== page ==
Turbulence hits PAL

Reeling from losses, cuts flights, personnel

by Lenie Lectura
August 27, 2009

Philippine Airlines is taking drastic steps, such as laying off employees and reducing international flights to save on costs following the huge losses posted in fiscal year ending March and the lower earnings in the first quarter.

“Extraordinary times call for extraordinary measures,” said PAL president and chief operating officer Jaime J. Bautista in a statement.

When pressed for details, Bautista told the BusinessMirror in a phone interview, there will be a reduction in the airline’s flights to the US, Canada and Australia as well as seat capacity to Japan and Hong Kong destinations.

“We normally have a full-year lineup for our flights. Starting August up to March 2010, we will reduce the capacity by 7 percent. Our international destinations are not doing well. The fares are going down. We still fly even if the aircraft is not full. But our domestic routes will not be affected,” said Bautista.

Also, PAL’s union was already informed about the planned layoffs. Bautista said he could not yet say how many will be affected. “This is part of our rationalization program. We just talked to our people [on Wednesday]. For now, I still don’t have a target number of affected employees but we will have something in a few weeks,” added Bautista.

PAL also plans to outsource some of its operations including ground-handling services. “The union was also informed about this as well. Our arrangement with them is that we will be transparent. It is a bitter pill but all of these [efforts] will save PAL,” he said.

Early retirement packages for PAL employees are also being offered not only to reduce costs but to enhance productivity. “We are currently reviewing our entire organizational setup. We want to make PAL lean and mean so it will be agile and flexible enough to adapt to the new economic climate. Clearly, the crisis has changed the face of the airline industry which is among the sectors hardest hit by the recession,” Bautista said.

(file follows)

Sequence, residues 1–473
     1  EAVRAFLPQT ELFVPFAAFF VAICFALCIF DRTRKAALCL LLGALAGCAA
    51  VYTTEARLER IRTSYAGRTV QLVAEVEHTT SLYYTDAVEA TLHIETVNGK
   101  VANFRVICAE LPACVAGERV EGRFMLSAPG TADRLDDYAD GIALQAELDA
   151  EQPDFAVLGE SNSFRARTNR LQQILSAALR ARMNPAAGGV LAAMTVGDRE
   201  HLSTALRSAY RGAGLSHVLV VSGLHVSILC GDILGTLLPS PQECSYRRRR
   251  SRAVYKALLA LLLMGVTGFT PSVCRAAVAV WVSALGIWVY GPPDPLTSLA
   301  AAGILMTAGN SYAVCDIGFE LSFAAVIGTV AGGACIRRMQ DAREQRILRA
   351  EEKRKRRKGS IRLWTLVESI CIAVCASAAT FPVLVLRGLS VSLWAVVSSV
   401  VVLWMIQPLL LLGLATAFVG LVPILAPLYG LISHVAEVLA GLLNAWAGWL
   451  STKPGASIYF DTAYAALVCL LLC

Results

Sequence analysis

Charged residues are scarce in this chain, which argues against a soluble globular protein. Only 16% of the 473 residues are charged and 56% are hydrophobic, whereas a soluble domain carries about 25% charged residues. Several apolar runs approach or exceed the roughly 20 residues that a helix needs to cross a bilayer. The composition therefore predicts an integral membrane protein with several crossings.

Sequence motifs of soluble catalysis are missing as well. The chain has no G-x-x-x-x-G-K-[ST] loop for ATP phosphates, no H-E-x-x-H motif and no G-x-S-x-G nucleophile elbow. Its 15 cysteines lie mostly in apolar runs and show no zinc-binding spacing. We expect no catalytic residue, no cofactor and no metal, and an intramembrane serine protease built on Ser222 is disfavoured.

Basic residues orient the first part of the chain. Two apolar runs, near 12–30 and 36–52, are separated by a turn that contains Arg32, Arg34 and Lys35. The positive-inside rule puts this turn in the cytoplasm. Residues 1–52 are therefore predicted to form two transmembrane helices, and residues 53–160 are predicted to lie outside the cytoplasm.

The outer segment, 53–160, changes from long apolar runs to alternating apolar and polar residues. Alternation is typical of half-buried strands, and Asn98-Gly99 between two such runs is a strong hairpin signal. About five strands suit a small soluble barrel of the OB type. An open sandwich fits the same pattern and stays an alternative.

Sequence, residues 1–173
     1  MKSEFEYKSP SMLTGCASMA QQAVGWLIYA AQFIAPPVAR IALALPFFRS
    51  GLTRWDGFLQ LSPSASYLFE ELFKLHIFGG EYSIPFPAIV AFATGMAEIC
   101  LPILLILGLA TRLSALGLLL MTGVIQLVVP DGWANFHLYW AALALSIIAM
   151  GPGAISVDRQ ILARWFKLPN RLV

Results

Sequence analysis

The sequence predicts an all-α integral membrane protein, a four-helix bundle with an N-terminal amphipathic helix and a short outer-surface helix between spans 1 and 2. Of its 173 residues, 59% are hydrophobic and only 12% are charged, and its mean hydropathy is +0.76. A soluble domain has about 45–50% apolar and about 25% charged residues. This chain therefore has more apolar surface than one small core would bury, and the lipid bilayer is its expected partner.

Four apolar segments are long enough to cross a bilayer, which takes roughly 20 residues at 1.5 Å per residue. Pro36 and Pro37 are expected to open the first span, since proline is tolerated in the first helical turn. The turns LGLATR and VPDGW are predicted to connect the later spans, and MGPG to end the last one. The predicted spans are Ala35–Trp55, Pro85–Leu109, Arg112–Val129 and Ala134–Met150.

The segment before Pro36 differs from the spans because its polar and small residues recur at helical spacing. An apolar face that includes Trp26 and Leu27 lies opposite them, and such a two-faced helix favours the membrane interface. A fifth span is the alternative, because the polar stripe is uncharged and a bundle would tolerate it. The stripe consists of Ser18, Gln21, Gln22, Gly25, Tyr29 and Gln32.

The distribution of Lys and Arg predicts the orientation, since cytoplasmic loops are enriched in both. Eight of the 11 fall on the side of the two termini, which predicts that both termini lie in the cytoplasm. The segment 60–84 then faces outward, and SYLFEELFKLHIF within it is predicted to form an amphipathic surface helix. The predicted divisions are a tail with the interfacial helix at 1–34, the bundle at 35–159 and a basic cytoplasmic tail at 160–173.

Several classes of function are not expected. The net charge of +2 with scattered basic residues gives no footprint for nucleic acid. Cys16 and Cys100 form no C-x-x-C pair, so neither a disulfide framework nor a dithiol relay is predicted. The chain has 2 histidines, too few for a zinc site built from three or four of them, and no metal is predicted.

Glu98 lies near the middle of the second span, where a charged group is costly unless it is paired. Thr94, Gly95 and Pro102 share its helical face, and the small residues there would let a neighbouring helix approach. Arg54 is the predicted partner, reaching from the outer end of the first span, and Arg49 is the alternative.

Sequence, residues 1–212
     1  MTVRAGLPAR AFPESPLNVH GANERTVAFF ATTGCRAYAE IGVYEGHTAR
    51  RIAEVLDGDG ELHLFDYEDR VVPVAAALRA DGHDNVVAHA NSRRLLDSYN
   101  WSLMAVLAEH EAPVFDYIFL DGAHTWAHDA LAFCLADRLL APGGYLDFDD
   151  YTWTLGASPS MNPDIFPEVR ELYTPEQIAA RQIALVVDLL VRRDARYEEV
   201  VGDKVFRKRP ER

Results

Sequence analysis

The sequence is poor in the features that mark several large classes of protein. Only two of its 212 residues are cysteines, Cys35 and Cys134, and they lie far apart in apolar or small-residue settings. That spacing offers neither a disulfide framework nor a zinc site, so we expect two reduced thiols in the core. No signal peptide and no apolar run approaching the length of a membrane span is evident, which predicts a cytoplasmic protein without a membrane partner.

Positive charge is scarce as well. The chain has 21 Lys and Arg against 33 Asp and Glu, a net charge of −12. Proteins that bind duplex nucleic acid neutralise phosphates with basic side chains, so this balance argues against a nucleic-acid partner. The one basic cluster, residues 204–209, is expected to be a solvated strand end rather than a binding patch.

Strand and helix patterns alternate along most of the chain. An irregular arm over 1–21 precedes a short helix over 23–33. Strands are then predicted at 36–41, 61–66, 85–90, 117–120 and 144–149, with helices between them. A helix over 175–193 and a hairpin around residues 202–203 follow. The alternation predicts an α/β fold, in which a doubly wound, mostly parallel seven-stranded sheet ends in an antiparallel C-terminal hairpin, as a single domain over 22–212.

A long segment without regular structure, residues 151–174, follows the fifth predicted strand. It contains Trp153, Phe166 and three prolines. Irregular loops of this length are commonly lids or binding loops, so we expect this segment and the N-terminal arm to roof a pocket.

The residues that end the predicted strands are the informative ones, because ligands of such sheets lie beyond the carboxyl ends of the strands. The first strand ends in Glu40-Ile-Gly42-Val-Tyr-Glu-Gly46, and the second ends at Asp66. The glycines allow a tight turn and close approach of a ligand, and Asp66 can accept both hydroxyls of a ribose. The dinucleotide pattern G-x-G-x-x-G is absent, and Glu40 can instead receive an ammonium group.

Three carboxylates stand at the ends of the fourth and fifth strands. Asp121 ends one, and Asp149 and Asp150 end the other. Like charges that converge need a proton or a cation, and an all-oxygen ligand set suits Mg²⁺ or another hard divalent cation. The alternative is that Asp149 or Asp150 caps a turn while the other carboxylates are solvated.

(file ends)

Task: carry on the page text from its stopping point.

PAL shareholders approved a quasire organization plan, reducing the par value of PAL shares to P0.20 from P0.80 per share. It will also increase its authorized capital stock from P16 billion to P20 billion divided into 100 billion shares at P0.20 per share.

Bautista said the airline relies on the strength and backing of its principal shareholders, unlike state-owned airlines which enjoy support from their respective governments in times of crisis. “PAL must not always rely on its stockholders; it must do its part and look internally to overcome this new challenge,” he added.

PAL also reported paying $165.4 million in principal and interest to creditors, bringing to $2.4 billion the total paid from March 1999 to March 2009. Total assets decreased by $60.6 million to $1.971 billion, while total liabilities rose by $239.5 million.

Bautista said PAL will continue to realign capacity to match demand especially in the domestic front due to increasing traffic. However, this is tempered by the weakness in PAL’s long-haul sector particularly the US market where the sub-prime crisis began.

When the global crisis led to a travel slump in the latter part of last year, PAL’s passenger load factor fell to an average of 76.2 percent, three points lower than the previous year. The airline posted a $301.4-million loss for its fiscal year ended March 31. This prompted PAL to take decisive steps like rationalizing its workforce, realigning operations to match demand, among others.

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